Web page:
“The mode is that which one happens to choose at the moment. It is inconstant. There must be a balance between musical demands and thematic evocation. Themes suggest their orchestral coloring …

    “One can travel where one wishes and leave by any door. Greater nuances … There is no theory. You merely have to listen. Pleasure is the law.”

    – Claude Debussy in a conversation with Ernest Guiraud, transcribed by Maurice Emmanuel: quoted in Edward Lockspeiser, “Debussy: His Life and Mind,”I (London: Cassell, 1962).

  10. Robert Jordahl says:

    Excuse me, why does a consonance need emancipating?

  11. Ian Moss says:

    With props to Galen for his take (which I agree with), I do nevertheless like “emancipation of the consonance” because it highlights the fact that certain sonorities which were once considered quite dissonant are now heard as consonant in the 21st century. I think a lot of this has to do with popular music’s widespread adoption of the blues scale and modal harmonies at the expense of traditional major & minor in the last 40 years; even relatively uneducated listeners are completely comfortable with major ninths and minor sevenths as a result. And in choral music, composers like Eric Whitacre are popularizing diatonic cluster writing, where every note in a diatonic (or modal) scale is sounding at the same time. I would argue that a lot of people do not hear these sounds as fundamentally “dissonant” the same way that they would a piece that lives in a more chromatic universe.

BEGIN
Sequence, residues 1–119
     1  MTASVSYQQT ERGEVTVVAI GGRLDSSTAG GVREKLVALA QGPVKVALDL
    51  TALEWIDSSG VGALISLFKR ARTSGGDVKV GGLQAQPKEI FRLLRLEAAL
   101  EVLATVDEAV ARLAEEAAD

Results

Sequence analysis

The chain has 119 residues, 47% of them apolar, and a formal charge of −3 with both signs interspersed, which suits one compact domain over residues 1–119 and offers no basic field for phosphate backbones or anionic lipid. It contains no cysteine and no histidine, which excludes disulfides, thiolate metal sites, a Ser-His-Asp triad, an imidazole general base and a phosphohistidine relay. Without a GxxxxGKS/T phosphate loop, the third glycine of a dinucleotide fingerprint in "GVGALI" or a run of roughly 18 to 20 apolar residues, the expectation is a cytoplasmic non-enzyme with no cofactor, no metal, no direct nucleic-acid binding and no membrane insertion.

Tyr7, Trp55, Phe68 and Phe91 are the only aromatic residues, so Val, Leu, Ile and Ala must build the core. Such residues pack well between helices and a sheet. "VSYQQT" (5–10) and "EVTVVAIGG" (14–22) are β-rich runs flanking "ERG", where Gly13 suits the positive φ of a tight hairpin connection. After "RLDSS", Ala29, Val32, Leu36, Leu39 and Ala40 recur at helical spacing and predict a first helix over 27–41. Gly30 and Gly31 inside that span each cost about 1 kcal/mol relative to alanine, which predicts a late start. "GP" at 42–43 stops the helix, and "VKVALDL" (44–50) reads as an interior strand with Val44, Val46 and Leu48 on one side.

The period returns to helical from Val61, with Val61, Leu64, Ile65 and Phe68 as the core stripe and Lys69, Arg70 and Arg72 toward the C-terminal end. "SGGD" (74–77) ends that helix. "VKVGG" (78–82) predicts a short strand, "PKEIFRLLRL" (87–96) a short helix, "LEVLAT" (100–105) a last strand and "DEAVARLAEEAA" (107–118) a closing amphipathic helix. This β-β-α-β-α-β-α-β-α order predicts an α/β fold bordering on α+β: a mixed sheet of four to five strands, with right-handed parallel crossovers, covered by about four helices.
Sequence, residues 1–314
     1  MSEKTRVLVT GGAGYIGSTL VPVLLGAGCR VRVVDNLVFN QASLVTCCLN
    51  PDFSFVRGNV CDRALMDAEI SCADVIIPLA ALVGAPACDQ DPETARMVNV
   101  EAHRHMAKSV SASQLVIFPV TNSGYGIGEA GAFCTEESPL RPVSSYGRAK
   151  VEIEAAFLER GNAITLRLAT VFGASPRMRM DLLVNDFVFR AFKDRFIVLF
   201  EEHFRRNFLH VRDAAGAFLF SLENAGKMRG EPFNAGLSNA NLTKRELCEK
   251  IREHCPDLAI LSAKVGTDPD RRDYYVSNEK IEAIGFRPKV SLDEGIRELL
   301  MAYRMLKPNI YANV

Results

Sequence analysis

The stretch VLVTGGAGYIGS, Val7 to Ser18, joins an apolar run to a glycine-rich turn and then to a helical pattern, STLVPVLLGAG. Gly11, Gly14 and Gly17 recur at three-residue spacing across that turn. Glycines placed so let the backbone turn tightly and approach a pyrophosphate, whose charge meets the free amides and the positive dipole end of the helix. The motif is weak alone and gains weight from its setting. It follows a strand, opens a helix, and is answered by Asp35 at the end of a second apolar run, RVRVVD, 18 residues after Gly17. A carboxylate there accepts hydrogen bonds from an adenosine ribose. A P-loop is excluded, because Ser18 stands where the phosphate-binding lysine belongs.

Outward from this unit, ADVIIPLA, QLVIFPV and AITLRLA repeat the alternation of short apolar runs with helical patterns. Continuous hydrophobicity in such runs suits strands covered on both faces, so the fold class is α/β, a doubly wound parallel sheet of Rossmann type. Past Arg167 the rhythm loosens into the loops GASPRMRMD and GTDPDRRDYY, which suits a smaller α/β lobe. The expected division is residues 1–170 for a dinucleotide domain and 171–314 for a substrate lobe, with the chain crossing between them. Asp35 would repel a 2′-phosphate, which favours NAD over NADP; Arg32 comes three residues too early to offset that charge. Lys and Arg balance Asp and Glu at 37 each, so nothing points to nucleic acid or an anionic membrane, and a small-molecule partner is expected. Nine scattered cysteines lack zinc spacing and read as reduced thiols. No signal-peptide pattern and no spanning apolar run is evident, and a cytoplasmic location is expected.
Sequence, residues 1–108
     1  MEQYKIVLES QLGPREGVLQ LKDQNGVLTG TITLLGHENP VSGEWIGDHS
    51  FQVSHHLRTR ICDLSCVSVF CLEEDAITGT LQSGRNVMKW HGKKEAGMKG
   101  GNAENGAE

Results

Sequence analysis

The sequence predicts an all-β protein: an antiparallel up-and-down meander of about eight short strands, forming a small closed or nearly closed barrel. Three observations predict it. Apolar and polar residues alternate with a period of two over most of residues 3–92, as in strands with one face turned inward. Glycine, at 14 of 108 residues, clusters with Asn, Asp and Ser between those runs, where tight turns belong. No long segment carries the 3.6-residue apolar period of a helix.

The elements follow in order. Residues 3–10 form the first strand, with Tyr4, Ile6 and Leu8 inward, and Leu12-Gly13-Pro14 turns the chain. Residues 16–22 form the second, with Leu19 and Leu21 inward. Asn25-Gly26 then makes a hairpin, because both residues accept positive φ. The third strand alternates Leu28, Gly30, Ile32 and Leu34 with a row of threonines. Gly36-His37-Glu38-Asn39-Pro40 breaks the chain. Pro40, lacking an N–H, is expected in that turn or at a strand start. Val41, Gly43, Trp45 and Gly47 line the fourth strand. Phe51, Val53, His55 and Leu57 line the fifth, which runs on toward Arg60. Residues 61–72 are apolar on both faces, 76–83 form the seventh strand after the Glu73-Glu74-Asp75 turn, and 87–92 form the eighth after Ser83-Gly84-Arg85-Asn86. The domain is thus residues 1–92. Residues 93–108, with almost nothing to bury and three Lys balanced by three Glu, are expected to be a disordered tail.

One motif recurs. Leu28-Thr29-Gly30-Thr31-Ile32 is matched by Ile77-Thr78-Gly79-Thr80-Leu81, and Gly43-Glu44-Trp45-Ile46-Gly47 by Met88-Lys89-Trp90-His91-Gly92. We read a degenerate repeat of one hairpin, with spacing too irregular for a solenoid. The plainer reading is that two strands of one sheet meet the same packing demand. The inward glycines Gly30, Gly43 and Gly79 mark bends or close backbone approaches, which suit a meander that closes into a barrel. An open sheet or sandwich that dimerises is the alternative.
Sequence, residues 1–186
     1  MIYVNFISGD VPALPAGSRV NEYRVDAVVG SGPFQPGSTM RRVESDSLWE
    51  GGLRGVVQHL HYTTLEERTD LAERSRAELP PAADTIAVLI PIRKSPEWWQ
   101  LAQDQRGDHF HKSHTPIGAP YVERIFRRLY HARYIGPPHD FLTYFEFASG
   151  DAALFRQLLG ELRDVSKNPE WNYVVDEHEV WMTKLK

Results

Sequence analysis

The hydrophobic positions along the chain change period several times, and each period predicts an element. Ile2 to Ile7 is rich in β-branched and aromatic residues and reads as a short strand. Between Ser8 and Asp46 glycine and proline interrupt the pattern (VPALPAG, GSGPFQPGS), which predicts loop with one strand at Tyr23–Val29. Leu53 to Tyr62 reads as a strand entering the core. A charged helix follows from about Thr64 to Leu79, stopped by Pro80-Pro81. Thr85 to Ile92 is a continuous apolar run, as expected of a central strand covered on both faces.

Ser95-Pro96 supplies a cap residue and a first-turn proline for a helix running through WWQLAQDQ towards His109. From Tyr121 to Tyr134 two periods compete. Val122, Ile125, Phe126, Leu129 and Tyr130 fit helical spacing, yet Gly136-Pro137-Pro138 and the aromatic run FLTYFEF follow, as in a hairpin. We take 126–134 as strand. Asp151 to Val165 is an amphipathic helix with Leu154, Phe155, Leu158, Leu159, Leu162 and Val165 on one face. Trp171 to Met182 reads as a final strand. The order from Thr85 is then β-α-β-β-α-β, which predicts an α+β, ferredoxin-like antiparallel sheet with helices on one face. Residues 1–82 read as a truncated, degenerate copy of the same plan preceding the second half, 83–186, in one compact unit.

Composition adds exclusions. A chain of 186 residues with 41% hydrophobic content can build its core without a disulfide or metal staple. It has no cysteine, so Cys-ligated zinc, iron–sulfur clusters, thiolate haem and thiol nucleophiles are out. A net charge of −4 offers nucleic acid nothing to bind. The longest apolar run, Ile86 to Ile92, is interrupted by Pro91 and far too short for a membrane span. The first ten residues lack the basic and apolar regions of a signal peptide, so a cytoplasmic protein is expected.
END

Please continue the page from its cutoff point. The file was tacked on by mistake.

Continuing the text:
12. Steve Layton says: